— The Senate is pushing a bill that would keep state beaches open for a week if the state government were to shut down, legislation that comes a year after reporters took a now-infamous photo of former Gov. Chris Christie sunbathing on a private beach during the 2017 shutdown.

NEXTERA BUYS FLORIDA UTILITY — The Wall Street Journal’s Russell Gold: “NextEra Energy Inc. is buying a utility and other Florida assets from Southern Co. for $5.1 billion in cash, in a deal that paves the way for America’s most valuable power company to grow further.” Read more here.

TESLA MODEL 3 PROBLEMS — The Washington Post’s Peter Holley: “For much of the past year, Tesla’s Model 3 has been the darling of auto reviewers everywhere, with some comparing the mass market sedan to the iPhone and labeling it one of the greatest tech products ever created. This week, Tesla’s string of good reviews came to a halt when Consumer Reports — a publication devoted to authoritative product testing — handed the Model 3 a crushing review.” Read more here.

BIG OIL’S NEW LOBBYING PUSH — Axios Amy Harder: “Some of America’s biggest energy companies are lobbying Washington to change — critics say weaken — oversight of a federal tax credit going to facilities capturing carbon emissions.” Read more here.

ANOTHER NUKE BOONDOGGLE — Post and Courier’s Andrew Brown: “It’s a familiar story in South Carolina: Nuclear contractors fail to produce a reliable schedule, start construction with just a fraction of design finished, and let pipes and other material corrode in storage under the watch of government agencies. The abandonment of two nuclear reactors at the V.C. Summer Nuclear Station generated headlines and riled state lawmakers since last summer, but 90 miles south, a similar scenario played out at the Savannah River Site near Aiken.” Read more here.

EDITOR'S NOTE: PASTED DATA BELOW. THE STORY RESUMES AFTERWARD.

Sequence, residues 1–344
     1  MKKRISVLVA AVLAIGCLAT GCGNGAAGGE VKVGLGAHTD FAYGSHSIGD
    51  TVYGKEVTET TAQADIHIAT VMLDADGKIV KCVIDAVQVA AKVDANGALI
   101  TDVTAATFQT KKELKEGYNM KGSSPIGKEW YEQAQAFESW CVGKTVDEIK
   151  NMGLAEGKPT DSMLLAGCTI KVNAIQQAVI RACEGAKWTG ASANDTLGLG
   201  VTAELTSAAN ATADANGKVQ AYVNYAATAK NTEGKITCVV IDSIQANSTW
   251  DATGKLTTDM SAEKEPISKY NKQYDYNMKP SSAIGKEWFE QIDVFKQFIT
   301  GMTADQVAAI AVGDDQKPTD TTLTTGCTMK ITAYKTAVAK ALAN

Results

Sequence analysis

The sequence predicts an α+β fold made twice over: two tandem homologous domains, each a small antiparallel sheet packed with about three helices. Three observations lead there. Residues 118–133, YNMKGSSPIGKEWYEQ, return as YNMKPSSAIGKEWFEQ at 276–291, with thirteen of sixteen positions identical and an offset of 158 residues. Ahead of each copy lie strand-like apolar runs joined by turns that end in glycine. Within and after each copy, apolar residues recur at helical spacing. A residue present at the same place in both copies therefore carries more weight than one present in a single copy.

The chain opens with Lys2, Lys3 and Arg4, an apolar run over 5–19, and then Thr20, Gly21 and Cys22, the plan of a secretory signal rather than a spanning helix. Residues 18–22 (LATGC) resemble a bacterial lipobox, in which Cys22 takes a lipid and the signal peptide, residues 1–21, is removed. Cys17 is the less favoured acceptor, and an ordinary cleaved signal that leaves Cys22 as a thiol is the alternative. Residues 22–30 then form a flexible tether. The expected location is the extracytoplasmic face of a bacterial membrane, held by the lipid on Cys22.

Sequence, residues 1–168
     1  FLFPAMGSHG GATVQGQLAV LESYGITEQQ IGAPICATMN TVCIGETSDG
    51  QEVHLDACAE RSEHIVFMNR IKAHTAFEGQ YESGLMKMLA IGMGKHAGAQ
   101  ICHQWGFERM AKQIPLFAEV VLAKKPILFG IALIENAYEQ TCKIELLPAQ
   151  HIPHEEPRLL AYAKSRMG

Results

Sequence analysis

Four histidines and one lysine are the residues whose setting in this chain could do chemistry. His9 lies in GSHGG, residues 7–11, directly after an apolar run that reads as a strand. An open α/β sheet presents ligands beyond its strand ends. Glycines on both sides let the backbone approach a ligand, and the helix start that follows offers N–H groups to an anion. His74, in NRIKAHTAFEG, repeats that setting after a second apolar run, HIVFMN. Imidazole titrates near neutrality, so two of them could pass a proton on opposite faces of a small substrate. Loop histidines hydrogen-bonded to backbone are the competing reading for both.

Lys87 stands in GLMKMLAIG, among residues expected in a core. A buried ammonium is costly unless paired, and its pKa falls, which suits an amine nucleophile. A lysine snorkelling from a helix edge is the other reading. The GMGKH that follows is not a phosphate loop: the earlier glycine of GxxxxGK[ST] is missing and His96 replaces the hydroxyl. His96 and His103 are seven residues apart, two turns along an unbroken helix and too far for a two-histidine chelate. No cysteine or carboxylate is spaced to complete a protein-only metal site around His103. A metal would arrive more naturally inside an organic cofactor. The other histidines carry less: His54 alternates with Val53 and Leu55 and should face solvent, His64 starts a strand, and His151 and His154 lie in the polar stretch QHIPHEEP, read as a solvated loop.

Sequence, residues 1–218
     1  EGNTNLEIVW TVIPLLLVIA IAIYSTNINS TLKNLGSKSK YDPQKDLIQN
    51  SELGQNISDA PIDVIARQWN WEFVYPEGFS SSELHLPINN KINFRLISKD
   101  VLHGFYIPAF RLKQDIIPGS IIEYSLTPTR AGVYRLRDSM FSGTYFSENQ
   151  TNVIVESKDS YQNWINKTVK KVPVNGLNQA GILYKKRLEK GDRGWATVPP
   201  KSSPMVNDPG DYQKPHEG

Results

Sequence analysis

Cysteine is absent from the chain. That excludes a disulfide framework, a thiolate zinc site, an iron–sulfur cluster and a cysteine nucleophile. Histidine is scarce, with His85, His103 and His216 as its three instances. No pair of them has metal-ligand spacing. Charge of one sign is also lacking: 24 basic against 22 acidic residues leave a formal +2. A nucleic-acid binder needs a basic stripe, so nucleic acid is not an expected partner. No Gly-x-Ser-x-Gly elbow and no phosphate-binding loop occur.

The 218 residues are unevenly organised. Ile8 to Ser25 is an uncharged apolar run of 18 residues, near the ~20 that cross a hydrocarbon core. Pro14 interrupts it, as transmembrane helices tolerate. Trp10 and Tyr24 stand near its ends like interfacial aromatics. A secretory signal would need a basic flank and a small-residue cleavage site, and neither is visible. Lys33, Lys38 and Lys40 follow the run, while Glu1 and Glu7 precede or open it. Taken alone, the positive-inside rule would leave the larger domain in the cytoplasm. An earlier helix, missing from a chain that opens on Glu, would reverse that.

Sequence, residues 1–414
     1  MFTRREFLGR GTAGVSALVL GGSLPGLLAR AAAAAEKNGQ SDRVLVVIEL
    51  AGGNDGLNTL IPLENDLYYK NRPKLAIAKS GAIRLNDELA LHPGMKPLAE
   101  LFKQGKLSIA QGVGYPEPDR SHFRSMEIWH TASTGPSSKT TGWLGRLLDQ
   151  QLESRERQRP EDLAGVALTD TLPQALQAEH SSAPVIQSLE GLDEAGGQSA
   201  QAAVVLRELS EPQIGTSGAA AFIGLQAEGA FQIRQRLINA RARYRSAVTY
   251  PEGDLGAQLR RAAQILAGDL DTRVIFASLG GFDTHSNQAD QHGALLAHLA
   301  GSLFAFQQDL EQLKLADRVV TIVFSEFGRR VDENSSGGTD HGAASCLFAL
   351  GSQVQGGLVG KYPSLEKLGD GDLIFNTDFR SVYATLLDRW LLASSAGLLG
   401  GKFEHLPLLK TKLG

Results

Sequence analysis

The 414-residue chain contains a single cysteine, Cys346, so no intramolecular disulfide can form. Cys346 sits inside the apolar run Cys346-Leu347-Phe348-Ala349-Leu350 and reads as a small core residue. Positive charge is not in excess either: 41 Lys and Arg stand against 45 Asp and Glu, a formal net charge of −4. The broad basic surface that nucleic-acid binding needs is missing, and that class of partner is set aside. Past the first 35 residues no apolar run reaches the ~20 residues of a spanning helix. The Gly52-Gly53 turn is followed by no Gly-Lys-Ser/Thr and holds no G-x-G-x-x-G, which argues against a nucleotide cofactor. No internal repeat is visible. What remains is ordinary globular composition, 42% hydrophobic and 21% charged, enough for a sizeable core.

BP SEES CLIMATE LAWSUIT RISK — Bloomberg’s Kelly Gilblom: “After paying more than $65 billion in legal costs for the Deepwater Horizon catastrophe, BP Plc is wary of the risk of lawsuits related to climate change. Chief Executive Officer Bob Dudley raised the topic of class-action lawsuits twice during the company’s annual general meeting in Manchester, England on Monday, saying he wouldn’t disclose certain climate targets, or even answer some questions from activist investors, because the risk of legal action in the U.S. was too high.” Read more here.

PRESSURE MOUNTS ON SHELL — The Wall Street Journal’s Sarah Kent: “Investors are upping the ante on big oil companies over climate change, demanding they take more concrete action to help curb global warming. The issue is set to come into focus at Royal Dutch Shell’s annual meeting Tuesday where investors with nearly $8 trillion under management will call on the company to go beyond already ambitious plans to curb emissions, according to a copy of the statement seen by The Wall Street Journal.” Read more here.